Call for papers: “Searching for Critical Environmental Law: Theories, Methods, Critiques”

Searching for Critical Environmental Law: Theories, Methods, Critiques

WORK SHOP, MAY 11, 2018 in Oxford


The field of critical environmental law has yet to develop any consistent self-awareness as a set of problematisations, methods and theories of either law or the environment, despite promising work in recent years. With this realisation as the point of departure, the aim of this workshop is to debate the conception and role of this field of legal scholarship. Critical environmental law is understood as an enquiry into the theoretical and institutional apparatus of both environmental law and the rationality of environmentalism. It seeks to problematise standard ontological, epistemological and axiological narratives from an interdisciplinary perspective, and to find and expose the slippages at the margins of the intersection between law and ecology.

However, any conceptual or practical project of critical environmental law must now contend with our contemporary condition; the continuing crisis of capitalism framing a period of protestations, uprisings and revolts, a general discontent in the context of which the operation of an objective, depoliticised and scientifically -derived environmental law as an essential element of liberal environmentalism appears increasingly strained. But was it ever effective in the first place? On the other hand, critiques of environmental science can serve projects that are inimical to the political commitments of critical thought. How can critiques of the limitations of liberal and managerial notions of environmental law thrive in the world of denialism and extremism? In this context, the fields of international, transnational and comparative environmental law have become even more important in combating the geographically restricted nature of environmental law scholarship.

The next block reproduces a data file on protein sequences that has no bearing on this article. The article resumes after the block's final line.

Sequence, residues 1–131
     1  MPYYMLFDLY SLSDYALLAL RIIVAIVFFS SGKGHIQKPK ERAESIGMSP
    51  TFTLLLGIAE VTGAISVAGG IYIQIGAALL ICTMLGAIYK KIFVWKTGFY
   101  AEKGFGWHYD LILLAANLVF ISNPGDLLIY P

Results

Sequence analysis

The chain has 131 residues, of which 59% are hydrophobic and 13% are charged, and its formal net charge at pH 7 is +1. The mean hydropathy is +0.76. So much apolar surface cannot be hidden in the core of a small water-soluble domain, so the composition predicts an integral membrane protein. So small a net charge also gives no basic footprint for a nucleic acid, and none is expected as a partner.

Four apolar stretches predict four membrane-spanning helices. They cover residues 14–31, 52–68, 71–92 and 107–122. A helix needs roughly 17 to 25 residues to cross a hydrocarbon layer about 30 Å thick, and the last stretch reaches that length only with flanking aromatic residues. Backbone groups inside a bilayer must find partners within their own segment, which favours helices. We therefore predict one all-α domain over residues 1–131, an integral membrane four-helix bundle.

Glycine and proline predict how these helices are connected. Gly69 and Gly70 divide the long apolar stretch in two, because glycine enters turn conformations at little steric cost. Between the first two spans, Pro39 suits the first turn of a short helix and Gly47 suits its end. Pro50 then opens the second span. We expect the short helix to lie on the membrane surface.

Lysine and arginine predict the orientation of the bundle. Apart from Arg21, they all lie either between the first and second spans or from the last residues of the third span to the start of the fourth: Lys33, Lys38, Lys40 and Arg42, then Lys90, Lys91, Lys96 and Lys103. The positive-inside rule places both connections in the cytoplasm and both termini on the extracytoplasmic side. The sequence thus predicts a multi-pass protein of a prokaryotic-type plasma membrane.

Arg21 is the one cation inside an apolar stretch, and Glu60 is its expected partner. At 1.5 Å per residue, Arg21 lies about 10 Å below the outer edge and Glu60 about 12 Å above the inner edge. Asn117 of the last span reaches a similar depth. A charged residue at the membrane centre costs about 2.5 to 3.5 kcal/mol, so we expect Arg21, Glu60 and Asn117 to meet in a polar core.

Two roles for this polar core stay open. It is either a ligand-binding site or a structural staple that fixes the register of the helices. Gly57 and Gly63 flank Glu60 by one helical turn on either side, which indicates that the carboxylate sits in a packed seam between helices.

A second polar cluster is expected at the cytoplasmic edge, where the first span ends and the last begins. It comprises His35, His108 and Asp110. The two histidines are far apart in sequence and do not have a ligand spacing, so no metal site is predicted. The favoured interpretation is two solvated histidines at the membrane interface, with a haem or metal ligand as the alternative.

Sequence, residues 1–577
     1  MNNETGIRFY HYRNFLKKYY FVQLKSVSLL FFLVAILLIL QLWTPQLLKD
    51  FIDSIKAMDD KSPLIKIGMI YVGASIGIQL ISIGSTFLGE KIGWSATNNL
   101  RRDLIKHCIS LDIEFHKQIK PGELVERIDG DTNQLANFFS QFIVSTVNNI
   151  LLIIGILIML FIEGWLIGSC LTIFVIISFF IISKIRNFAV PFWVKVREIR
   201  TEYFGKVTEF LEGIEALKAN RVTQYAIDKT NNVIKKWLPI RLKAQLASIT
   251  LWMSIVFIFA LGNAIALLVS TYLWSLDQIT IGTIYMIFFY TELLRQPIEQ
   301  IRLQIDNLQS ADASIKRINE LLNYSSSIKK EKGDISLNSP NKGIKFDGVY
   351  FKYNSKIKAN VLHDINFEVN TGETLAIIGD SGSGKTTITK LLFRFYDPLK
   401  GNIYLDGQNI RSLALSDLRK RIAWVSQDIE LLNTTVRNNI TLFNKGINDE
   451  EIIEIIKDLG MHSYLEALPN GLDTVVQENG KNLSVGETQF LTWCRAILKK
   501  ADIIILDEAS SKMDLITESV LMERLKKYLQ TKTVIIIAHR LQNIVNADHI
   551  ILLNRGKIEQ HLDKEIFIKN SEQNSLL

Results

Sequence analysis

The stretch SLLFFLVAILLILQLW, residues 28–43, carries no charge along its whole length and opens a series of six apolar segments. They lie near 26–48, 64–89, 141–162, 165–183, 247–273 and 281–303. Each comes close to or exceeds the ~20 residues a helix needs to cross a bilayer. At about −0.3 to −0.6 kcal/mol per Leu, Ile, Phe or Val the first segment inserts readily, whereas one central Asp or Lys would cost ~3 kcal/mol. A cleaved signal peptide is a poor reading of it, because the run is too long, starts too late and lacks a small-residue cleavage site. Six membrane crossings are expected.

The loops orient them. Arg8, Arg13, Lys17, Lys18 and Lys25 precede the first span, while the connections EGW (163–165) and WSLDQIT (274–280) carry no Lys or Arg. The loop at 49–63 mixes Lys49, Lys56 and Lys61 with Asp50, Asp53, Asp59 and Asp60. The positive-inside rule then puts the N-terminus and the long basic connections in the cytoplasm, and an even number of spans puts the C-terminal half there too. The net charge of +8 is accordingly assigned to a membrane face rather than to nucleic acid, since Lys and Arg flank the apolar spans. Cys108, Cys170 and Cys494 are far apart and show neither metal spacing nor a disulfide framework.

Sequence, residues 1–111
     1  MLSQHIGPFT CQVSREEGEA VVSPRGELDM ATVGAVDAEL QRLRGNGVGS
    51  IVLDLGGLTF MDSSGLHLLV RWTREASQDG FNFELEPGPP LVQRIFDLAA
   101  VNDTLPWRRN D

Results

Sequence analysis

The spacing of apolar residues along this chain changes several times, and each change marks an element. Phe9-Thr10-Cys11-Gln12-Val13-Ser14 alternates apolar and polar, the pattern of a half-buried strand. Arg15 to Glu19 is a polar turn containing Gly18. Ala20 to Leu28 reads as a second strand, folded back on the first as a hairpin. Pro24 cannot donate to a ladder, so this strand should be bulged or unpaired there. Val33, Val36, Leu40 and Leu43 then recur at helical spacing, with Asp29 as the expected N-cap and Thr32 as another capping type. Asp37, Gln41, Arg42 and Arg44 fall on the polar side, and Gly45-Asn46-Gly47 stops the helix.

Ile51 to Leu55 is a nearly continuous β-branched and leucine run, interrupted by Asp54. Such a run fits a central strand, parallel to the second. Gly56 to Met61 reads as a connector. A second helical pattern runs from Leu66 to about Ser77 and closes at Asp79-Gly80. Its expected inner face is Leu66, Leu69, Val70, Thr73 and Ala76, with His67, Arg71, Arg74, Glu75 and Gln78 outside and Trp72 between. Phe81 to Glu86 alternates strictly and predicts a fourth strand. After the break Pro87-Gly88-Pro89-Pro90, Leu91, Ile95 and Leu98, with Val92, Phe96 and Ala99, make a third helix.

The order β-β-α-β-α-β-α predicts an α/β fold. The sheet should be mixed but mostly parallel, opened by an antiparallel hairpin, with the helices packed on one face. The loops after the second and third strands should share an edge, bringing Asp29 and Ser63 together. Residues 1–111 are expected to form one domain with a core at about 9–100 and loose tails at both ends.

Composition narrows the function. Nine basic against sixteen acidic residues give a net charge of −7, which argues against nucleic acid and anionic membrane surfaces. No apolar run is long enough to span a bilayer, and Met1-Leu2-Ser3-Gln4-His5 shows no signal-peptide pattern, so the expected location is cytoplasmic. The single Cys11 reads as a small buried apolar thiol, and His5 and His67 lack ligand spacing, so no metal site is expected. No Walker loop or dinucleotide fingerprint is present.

Therefore, this call for papers invites contributions that grapple with the challenge of conceiving and critiquing the relation between law and the environment through innovative ideas, categories and instruments, and in the contemporary context of crisis and contestation. Contributions from international, transnational, comparative or domestic perspective are welcome.

Possible themes include, but are not restricted to:
 What is critical environmental law? What can it be? What are its methodological commitments and ethical orientations?
 What are the limits – conceptual, political, practical – of environmental law?
 Relation between environmental law and resistance
 Relation between environmental law and science
 Critical readings of the law in/on the Anthropocene
 Critical thought and the environment
 Evaluating Earth jurisprudence/wild law approaches
 Transnational and comparative approaches to environmental law
 What is the specific dimension of critical international environmental law?

Please send abstracts of 500 words to Andreas Kotsakis – and Vito De Lucia – by April 3, 2018.

Limited funding is available for travel and accommodation in Oxford. We will communicate decisions on the workshop by April 8, 2018.

Feature image: Anna Grear


Upcoming Seminar: Fourth Annual Rule of Law and Sustainable Development Seminar

On the 13th of April 2018 the Regional African Law and Human Security Programme (RALHUS), at UWC, in conjunction with the South African Research Chair in International Law, at UJ, will host the Fourth Annual Rule of Law and Sustainable Development Seminar, in Stellenbosch, South Africa.

The topic of the seminar is The International Climate Change Regime, Modern Sustainable Energy and the Sustainable Development Goals.